That’s not a bad market to be in. And by going mid engine and doing some other tweeks, maybe the c10 will have a car that you can say with a straight face can take on whatever the new version of the 918 is.

    • 0 avatar
      bts

      I heard the base C8 will have a pushrod V8 with lighter components too allow a higher redline and around 500 hp. That engine should weigh less and cost less than an OHC engine so it should keep the base price lower. To put that in perspective, that’s about the same power as the 7 liter z06 from a few years back.

  • avatar
    MiataReallyIsTheAnswer

    What a beast – swap that into an ATS or V6 Camaro and terrify some folks :)

  • avatar
    28-Cars-Later

    Over my dead body [will the new Northstar be available elsewhere].

    That’s right we spent eleventy billion to build a powerplant which will not be made available.

    Amazing this marque is still in business.

    “Unfortunately, it will only be available through the new CT6 Platinum 4.2 trim, which carries a proposed MSRP of $96,790.”

    Smoking crack there. They wonder why there have only been 10,000 CT6 deliveries.

    • 0 avatar
      FreedMike

      Seems like they’re just cutting their losses on the Johan-era stuff at this point.

      Like this is going to show up in an Escalade? LOL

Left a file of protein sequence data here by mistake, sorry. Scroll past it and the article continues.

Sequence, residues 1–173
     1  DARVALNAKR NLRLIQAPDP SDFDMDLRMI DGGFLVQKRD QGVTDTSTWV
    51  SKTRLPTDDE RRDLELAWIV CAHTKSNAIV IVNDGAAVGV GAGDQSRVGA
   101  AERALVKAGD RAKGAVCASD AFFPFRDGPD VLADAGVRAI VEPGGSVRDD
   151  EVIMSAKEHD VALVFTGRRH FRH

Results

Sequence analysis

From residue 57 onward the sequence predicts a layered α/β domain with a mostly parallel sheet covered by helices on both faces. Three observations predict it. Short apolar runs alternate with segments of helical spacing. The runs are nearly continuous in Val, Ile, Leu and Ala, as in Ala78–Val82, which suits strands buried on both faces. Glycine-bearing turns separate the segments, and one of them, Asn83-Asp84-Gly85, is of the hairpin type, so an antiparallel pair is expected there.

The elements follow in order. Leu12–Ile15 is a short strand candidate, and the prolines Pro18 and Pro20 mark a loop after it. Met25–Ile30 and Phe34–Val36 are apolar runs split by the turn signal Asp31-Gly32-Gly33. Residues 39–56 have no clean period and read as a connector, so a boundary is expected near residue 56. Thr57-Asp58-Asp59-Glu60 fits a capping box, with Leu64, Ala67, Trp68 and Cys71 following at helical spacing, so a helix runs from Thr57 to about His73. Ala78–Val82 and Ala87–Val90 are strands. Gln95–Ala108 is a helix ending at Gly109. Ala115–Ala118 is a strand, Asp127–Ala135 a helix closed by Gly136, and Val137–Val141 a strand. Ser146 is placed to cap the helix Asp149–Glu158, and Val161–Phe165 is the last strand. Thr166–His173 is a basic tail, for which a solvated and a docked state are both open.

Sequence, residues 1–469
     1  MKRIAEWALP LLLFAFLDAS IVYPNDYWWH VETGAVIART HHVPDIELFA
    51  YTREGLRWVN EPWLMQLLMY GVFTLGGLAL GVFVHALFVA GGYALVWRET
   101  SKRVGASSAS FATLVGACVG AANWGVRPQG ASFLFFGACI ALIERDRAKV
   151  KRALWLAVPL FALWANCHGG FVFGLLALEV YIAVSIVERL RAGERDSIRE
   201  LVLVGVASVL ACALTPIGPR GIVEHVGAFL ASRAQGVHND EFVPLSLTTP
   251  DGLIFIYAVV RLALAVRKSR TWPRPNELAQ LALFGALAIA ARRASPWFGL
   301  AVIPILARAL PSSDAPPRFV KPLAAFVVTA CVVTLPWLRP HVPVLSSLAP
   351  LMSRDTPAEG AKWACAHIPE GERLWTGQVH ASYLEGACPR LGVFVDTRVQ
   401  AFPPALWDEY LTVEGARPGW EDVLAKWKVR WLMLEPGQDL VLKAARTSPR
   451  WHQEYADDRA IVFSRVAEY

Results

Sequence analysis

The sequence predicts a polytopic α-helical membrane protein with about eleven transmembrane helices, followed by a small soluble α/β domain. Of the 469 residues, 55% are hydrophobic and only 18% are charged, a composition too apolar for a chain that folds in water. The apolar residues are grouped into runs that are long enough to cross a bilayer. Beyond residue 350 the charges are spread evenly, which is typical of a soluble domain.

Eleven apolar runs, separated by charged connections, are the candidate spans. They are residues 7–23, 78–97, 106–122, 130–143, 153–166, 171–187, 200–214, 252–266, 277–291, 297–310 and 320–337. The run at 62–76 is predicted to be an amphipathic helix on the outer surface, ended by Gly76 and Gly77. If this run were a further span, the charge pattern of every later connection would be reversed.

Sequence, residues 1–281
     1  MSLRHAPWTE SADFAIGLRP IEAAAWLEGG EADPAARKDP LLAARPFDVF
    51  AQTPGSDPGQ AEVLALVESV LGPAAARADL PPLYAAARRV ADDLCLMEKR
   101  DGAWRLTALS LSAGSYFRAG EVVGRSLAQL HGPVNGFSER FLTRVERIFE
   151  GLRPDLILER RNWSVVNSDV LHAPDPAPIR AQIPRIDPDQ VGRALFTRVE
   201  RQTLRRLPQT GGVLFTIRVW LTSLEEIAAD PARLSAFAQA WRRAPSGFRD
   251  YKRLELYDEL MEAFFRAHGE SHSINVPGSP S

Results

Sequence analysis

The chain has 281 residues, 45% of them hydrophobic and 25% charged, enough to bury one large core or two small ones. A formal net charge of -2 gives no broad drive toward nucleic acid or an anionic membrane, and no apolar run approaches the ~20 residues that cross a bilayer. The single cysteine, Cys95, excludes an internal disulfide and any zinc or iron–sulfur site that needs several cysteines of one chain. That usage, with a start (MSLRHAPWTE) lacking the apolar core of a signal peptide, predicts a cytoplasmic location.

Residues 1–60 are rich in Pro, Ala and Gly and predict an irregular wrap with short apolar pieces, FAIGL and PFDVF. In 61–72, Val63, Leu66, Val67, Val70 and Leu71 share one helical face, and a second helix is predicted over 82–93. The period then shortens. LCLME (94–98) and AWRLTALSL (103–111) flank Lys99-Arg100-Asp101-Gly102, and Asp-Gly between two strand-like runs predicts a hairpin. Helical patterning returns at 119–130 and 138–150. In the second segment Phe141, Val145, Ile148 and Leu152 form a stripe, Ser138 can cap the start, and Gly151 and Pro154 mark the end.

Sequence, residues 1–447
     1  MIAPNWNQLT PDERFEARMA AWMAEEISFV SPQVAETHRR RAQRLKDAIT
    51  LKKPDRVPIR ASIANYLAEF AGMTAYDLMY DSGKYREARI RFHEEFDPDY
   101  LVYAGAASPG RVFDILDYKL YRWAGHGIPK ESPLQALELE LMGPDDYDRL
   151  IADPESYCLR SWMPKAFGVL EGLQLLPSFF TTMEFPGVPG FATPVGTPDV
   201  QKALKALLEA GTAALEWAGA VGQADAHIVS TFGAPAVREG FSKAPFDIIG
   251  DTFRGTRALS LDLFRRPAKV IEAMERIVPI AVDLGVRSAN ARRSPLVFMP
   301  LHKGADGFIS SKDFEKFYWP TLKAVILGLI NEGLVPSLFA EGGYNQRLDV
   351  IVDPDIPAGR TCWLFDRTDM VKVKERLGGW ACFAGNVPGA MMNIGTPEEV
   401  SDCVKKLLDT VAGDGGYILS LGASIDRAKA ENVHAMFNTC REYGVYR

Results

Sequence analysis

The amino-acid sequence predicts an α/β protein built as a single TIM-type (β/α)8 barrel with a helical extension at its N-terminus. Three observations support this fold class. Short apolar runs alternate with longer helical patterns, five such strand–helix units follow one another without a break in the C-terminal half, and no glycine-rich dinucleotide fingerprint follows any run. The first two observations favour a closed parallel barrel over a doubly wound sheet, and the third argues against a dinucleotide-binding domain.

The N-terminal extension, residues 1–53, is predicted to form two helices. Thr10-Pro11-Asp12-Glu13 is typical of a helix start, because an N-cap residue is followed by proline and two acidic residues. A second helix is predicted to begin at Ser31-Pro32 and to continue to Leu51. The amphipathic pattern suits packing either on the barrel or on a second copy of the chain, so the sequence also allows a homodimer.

• 0 avatar
        28-Cars-Later

        Maybe, but to me this is typical head-in-ass thinking from the marque. They are still running the 1980s playbook with regard to powertrains.

        • 0 avatar
          FreedMike

          I suspect they had bigger plans for the engine that got squashed when the previous regime got shown the door.

          • 0 avatar
            28-Cars-Later

            Cadillac has a history of “exclusive” drivetrains, more recently of which are dog****.

            From the economies of scale standpoint it would make the most sense to develop a kick-ass drivetrain and then standardize on it.

          • 0 avatar
            JimZ

            kind of like the Duramax 4.5.

          • 0 avatar
            Hydromatic

            Forget the Blackwing nonsense. Just put LS motors in these things and call it a day. Cadillac customers will probably be more appreciative of having a proven and reliable engine under the hood rather than something “exclusive”.